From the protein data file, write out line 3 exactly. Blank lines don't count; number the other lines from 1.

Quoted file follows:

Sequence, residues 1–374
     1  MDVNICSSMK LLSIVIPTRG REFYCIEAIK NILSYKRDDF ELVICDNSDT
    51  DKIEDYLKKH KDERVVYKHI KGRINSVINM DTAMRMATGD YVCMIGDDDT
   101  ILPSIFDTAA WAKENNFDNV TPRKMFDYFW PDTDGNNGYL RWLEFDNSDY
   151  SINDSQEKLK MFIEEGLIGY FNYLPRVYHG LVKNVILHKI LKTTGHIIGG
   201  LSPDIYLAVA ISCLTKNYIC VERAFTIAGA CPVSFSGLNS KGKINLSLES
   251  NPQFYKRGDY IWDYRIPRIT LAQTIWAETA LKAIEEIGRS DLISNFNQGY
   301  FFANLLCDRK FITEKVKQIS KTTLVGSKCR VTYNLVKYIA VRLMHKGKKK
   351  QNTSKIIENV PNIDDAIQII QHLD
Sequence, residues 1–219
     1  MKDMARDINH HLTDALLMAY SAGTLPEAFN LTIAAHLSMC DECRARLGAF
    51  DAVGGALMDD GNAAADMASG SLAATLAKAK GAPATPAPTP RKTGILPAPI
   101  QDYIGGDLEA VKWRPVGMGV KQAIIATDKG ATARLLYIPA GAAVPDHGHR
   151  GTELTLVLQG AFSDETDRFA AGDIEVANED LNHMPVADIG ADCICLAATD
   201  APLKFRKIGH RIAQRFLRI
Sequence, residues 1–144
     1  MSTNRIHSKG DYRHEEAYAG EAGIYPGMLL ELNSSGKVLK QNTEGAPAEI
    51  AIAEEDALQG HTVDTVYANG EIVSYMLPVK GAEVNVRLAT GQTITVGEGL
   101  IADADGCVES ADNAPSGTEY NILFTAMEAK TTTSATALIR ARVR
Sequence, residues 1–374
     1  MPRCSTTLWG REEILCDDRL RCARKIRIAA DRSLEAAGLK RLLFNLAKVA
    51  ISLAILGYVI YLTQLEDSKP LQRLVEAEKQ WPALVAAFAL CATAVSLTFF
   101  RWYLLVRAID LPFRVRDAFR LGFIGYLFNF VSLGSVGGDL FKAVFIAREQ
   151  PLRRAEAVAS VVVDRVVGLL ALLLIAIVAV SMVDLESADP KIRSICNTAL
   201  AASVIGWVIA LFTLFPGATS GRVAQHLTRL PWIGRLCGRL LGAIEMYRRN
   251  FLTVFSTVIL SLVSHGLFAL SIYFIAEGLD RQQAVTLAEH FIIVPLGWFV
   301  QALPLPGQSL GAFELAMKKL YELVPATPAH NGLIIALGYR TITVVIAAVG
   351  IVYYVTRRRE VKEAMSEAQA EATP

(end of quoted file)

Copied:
    51  DKIEDYLKKH KDERVVYKHI KGRINSVINM DTAMRMATGD YVCMIGDDDT